I was especially pleased to have read a WSJ column by University of Chicago economist Casey Mulligan about what he believes are the labor market tradeoffs of the Affordable Care Act (ACA). My goal today is just to consider some of the conclusions in his column and in his new Kindle book, Side Effects.
The ACA and Labor Markets
Alluding to the academic and political debate surrounding the Affordable Care Act, Dr. Mulligan tells us that labor markets need more attention. He then starts with the big idea that allocating more resources to healthcare means less land, labor and capital somewhere else unless productivity increases or we get a bigger workforce. Yes, he says that certain populations will get a bigger slice of the economic pie, but then he predicts the pie will shrink because of labor market “taxes”.
Explaining how the act will transform incentives in labor markets, in one example he details the “29er phenomenon”. The key, he says, is that 50 worker tipping point. Go from 49 to 50 full time workers and your firm’s insurance obligations multiply. However, because full-time is defined as a 30 hour work week, employers might just increase the number of people who come in for 29 hours. Employees, meanwhile, will respond to incentives that affect decisions about where and how much they work.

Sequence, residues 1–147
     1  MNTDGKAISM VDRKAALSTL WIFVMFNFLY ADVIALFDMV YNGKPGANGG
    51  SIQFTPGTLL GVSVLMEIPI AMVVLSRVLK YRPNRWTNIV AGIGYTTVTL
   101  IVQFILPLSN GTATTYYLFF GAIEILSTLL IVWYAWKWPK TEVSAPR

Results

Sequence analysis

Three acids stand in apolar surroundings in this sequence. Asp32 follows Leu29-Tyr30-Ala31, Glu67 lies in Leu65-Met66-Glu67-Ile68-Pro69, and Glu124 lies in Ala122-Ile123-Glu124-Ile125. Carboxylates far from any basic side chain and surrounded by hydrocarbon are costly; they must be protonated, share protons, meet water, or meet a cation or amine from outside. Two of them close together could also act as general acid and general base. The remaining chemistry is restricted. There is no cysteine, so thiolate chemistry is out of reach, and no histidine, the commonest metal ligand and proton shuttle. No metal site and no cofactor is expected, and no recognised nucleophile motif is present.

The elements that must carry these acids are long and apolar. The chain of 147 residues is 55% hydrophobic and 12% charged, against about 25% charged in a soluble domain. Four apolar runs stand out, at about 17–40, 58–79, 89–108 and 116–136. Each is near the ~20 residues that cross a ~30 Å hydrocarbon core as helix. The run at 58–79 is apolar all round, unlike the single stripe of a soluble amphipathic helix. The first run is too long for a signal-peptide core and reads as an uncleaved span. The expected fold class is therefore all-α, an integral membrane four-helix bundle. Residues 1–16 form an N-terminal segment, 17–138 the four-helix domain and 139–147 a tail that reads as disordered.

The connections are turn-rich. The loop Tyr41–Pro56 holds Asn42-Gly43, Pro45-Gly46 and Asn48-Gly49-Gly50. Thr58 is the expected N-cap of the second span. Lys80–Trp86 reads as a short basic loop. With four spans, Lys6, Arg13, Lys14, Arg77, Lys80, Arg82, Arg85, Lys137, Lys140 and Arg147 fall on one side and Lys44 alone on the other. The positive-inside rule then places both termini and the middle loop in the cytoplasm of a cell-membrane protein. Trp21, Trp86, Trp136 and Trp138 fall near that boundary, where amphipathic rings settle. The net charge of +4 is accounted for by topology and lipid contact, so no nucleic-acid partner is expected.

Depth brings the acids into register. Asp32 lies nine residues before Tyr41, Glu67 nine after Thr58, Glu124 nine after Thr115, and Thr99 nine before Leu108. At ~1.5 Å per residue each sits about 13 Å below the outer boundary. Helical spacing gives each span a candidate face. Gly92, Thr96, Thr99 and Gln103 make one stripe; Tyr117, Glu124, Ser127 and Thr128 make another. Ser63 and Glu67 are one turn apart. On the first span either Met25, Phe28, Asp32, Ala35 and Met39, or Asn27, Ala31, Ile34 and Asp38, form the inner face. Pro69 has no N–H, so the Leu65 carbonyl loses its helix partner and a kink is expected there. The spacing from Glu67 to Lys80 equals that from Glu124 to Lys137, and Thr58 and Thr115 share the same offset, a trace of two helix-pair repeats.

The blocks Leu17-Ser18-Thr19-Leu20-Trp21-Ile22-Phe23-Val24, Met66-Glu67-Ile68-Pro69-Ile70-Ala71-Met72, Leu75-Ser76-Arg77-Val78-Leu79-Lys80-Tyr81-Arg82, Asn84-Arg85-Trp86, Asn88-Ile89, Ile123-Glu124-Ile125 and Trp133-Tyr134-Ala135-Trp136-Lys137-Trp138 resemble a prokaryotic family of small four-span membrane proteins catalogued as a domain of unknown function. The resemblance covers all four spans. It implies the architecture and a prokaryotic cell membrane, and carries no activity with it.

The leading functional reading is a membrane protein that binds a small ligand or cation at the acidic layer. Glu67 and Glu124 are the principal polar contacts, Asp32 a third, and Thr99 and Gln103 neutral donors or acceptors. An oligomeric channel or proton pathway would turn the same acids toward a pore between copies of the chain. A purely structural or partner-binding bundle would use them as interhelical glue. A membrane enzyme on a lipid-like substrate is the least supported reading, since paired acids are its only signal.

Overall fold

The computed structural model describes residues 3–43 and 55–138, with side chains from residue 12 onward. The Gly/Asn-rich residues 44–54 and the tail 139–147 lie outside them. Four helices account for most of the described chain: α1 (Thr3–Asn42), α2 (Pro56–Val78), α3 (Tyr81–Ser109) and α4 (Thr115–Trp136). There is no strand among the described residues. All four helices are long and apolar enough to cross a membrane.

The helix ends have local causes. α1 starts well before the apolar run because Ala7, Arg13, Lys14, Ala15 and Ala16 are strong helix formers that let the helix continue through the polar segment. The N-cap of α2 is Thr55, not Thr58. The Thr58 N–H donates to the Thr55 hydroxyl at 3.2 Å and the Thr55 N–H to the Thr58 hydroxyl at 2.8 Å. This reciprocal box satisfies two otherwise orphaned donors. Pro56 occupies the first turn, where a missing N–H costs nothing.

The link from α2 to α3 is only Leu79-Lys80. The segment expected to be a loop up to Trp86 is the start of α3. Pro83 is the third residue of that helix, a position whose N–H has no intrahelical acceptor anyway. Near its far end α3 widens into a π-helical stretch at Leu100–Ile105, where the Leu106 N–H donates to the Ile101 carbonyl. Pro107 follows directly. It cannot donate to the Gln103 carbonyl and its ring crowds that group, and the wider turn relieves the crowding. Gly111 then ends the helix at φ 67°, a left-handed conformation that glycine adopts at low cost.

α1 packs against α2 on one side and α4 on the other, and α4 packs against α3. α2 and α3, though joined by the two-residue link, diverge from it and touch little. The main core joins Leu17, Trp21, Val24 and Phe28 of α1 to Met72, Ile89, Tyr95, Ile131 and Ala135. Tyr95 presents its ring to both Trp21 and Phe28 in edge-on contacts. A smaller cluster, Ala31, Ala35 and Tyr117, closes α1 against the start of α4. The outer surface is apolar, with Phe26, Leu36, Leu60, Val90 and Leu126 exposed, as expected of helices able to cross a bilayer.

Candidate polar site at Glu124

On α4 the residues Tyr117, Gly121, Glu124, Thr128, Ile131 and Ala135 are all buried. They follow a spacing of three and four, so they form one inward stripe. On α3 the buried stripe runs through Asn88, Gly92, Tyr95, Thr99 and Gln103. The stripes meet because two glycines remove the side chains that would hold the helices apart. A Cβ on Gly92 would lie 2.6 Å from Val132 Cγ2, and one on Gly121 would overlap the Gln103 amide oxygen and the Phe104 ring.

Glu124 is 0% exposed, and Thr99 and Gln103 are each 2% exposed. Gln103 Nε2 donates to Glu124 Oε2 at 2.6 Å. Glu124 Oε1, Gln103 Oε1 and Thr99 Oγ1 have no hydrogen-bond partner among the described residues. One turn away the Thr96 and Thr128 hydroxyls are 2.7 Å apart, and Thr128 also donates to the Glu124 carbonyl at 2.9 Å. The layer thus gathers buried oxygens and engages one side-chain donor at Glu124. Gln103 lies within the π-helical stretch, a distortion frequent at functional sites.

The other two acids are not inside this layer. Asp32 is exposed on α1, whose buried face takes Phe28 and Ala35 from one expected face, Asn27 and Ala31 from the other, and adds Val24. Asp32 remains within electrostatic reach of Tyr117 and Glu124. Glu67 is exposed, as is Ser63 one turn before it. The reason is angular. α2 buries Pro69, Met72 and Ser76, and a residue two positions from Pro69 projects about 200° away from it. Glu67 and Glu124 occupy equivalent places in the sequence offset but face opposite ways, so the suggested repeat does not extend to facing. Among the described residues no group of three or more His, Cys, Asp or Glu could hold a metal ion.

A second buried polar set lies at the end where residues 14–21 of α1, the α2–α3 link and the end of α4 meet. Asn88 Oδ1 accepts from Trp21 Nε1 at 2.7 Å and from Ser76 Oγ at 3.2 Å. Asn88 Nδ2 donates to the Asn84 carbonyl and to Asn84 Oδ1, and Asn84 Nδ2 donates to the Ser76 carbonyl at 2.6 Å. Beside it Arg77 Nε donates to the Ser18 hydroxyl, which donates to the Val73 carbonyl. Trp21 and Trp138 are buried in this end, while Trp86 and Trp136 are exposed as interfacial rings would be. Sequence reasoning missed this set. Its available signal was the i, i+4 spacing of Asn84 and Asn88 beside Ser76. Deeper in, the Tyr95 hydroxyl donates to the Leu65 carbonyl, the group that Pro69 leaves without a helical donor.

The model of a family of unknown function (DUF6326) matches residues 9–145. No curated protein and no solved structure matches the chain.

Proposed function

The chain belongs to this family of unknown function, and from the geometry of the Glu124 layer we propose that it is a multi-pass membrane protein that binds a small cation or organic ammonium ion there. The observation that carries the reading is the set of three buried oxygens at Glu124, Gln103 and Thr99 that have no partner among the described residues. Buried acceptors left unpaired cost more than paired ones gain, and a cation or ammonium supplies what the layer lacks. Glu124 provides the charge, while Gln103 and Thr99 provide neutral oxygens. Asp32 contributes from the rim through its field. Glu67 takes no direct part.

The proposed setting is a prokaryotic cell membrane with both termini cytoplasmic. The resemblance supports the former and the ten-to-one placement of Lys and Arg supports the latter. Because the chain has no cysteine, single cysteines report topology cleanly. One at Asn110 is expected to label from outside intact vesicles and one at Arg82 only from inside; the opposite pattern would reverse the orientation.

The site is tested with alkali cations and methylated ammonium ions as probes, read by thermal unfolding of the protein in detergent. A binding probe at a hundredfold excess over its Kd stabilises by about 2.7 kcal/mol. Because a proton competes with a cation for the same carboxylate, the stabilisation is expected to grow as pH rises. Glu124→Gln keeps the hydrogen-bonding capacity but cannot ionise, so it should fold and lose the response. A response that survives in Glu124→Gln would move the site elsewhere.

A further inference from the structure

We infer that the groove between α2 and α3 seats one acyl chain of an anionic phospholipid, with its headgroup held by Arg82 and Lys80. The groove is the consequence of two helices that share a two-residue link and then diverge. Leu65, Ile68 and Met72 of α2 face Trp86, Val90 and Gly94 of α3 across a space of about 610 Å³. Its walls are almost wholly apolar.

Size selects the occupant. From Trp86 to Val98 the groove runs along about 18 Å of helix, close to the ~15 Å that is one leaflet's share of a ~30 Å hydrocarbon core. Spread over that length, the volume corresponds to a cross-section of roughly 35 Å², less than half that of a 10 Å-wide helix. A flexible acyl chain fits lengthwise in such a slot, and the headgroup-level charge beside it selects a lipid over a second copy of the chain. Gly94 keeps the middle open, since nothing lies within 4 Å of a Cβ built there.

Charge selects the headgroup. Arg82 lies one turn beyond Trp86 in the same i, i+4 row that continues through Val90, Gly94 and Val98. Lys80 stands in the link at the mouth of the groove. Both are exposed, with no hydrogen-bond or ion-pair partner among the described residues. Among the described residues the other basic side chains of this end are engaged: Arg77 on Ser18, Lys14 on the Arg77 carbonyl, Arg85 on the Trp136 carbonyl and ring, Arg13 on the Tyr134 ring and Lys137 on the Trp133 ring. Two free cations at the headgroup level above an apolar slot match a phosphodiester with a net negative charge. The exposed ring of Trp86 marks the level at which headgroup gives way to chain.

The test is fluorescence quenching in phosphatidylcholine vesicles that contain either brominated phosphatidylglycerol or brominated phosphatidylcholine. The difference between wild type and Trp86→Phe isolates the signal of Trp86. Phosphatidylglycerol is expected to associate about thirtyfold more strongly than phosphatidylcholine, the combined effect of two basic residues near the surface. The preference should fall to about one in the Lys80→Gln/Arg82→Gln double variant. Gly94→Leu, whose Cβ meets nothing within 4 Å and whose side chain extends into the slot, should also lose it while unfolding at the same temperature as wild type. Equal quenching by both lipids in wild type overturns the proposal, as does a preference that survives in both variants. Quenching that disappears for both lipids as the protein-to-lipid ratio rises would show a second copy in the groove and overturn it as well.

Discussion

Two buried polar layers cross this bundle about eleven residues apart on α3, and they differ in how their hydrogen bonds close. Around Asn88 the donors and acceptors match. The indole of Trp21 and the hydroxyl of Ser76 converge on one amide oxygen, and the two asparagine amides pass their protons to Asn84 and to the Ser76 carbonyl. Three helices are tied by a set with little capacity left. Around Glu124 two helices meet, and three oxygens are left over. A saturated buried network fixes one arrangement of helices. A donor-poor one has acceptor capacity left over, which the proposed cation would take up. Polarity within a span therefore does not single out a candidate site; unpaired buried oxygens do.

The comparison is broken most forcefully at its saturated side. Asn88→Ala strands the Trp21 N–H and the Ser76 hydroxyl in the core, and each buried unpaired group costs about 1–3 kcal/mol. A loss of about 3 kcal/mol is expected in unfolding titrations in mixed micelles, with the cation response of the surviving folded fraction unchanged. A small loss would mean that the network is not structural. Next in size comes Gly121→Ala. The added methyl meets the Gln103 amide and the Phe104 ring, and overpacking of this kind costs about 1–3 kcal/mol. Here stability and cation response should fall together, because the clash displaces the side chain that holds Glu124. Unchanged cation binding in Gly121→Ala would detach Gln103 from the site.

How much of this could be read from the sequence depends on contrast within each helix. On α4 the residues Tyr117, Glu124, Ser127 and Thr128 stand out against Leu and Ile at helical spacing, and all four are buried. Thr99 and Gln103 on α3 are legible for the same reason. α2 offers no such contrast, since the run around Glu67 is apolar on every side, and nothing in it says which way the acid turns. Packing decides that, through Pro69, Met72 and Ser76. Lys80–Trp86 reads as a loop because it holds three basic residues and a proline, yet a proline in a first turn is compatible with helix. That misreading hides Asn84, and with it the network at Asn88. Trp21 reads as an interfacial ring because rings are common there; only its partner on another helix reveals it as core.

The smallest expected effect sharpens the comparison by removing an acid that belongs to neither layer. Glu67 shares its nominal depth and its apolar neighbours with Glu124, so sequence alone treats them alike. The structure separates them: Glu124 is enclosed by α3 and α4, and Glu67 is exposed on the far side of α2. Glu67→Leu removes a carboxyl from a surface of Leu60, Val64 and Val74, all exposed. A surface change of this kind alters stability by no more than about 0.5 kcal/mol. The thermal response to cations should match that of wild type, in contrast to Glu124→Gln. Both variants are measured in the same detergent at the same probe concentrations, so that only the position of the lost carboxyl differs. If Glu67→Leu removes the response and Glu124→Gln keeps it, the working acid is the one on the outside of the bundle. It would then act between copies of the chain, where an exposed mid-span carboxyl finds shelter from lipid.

France’s 50 Employee Rule
Dr. Mulligan’s predictions reminded me of a recent NY Times description of two French firms.
In France, hiring worker #50 means your business has to create worker councils, establish profit sharing, and report to employee representatives when firing people for economic reasons. As a result, in 2012, there were 2.4 times as many businesses in France with 49 employees as there were with 50.
One business owner in Provence explained a somewhat convoluted expansion decision. A former mountaineer, he had created a firm composed of individuals who could paint suspension bridges, scale cooling towers and handle height comfortably. Because the 50th employee would have made his expenses climb by 4%, he decided instead to start a new firm. And then, when he grew even more, he created yet another new business.
By contrast, a French artisanal chocolatier who chose to hire his 50th employee regretted the decision. He told a reporter that it meant “…50% of my time spent trying to apply rules that don’t advance the business and that distract me from finding new products and markets.” Not only did his operating costs spike by €32,000, but also he had to devote more time to administrative tasks. The government even asked him to project how much chocolate he could produce during wartime rationing.
Tradeoffs and Our Bottom Line
With the ACA spawning 14,000 pages of regulations with countless incentives, labor markets will remind us that there is never a free lunch. Summarizing the ACA tradeoff, Dr. Mulligan says at the end of his book, “Time will tell whether the health reform is remembered for its intentions or its economic surprises.”